SLOGAN OF THE DAY: Lismore business, community and council leaders yesterday gathered to send a strong, combined message - violence is not welcome in Lismore.
SLOGAN OF THE DAY: Lismore business, community and council leaders yesterday gathered to send a strong, combined message - violence is not welcome in Lismore. Jasmine Burke

Airing dirty laundry on domestic violence

DOMESTIC violence shouldn't be our dirty secret, or dirty laundry - it should be spoken about freely.

That's the message from Social Futures' Dirty Laundry Day Project, which takes one of societies most untouched and un-talked of topics to the streets with an exhibition of t-shirts painted with messages by people who have experienced domestic and family violence.

In it's ninth year, Lismore businesses, community and council leaders gathered yesterday to send a strong, combined message - violence is not welcome in Lismore.

T-shirts will soon hang in shop windows in Lismore, Kyogle and Casino next to posters and information to spread awareness and to send a strong message that violence is not tolerated in our communities and help is available to those experiencing violence.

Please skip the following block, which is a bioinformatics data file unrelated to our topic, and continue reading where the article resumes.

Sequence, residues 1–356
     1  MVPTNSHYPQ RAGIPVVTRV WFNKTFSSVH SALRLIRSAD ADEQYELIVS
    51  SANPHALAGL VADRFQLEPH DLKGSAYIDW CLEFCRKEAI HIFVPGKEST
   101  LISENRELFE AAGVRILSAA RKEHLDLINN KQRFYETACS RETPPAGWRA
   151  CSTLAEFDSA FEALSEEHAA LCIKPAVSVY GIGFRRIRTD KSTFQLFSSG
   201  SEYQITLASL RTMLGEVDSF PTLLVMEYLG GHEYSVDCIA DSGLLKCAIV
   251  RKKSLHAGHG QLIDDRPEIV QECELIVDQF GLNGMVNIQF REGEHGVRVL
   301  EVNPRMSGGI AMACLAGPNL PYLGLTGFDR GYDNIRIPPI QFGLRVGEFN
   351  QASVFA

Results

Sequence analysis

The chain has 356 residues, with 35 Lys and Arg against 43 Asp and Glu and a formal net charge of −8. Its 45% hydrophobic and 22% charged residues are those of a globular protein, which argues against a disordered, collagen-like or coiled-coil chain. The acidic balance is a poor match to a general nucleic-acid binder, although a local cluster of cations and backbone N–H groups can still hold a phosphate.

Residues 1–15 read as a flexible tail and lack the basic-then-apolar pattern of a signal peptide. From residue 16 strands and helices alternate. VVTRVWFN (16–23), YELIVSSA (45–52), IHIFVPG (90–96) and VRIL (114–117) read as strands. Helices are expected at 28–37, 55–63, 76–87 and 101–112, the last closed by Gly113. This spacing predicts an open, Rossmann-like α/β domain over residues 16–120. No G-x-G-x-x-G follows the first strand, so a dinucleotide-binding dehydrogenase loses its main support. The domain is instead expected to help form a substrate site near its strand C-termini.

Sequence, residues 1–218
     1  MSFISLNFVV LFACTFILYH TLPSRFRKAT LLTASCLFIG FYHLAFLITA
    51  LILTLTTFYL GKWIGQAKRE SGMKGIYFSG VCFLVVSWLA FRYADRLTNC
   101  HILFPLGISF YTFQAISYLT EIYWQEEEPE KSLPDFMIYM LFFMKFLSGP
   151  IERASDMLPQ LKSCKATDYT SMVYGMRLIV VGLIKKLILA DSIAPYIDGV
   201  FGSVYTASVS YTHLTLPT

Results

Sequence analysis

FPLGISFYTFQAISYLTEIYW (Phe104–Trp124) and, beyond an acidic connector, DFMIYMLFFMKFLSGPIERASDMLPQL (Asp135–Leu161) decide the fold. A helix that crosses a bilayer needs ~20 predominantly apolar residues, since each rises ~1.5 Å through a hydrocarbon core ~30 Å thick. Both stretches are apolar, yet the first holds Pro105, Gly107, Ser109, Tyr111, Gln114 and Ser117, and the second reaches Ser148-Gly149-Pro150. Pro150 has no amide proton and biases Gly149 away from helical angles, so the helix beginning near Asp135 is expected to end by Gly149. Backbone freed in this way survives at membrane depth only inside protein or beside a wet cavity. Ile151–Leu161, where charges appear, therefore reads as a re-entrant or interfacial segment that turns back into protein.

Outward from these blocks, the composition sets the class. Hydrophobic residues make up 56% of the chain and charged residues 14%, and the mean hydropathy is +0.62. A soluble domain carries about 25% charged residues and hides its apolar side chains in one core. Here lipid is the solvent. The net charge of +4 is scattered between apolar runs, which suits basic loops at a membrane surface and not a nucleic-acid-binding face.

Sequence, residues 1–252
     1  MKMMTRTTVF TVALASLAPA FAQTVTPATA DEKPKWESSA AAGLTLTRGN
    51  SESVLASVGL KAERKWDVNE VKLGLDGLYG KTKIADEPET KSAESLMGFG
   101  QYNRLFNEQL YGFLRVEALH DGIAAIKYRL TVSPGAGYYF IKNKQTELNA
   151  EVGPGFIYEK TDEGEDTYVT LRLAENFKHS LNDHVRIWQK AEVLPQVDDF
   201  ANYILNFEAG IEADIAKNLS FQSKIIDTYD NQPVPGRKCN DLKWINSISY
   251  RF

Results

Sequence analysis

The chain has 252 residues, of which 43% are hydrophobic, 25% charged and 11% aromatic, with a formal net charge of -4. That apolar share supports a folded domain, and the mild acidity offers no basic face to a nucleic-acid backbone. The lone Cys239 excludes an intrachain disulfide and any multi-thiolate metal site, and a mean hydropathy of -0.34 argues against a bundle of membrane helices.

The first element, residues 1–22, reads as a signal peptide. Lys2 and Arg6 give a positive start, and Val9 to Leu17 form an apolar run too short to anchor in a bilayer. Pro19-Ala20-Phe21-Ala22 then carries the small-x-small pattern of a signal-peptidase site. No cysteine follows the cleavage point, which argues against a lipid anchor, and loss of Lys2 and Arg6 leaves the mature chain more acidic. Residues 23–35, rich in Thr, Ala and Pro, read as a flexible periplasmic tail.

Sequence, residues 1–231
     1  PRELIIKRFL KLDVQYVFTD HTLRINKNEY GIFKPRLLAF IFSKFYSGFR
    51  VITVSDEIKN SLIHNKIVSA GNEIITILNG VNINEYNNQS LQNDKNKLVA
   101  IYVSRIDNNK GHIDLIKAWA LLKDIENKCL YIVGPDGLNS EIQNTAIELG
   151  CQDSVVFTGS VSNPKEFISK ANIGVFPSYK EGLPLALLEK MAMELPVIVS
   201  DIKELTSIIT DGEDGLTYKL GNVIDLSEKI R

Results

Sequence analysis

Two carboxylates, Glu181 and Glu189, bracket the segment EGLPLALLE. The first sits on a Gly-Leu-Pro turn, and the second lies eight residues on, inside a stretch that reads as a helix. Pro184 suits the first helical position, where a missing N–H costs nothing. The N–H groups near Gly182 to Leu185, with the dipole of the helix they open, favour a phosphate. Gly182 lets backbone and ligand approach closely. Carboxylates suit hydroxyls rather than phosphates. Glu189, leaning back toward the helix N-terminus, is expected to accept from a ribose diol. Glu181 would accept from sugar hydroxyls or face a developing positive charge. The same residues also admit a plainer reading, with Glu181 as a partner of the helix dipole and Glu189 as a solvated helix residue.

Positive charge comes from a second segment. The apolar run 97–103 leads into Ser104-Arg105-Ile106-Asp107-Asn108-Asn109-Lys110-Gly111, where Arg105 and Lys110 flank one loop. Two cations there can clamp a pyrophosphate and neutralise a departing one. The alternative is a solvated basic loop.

Social Futures CEO Tony Davies said: "The messages painted onto the shirts tell the stories of local women, young people and also men who have been brave enough to share their message, to raise awareness about violence and to let others know they are not alone.

"During the past nine years, more than 500 T-shirts have been created and designed by someone who wanted to tell their story.

"That is a lot of stories about violence and abuse in our region. But as a community we can do something about it, and bringing light and awareness to this issue is the first step.”

Local business woman Busara O'Reilly arrived in Lismore 13 years ago and shared her story at the event. She wanted to tell victims there was life after violence.

Ms O'Reilly was raised in Thailand by her grandparents from age two before moving to Australia at six - including her often-abusive grandmother after her criminal dad was shot and her brothers were murdered.

"I was left all day every day and a lot of bad things happened to me,” she said.

"When whole communities are able to talk about these issues it removes the stigma and opens the way for people experiencing violence to reach out and seek out because violence thrives in secrecy but together we can bring light.”

Anita Mansfield of Social Future said the whole community could play a role in looking out for each other.



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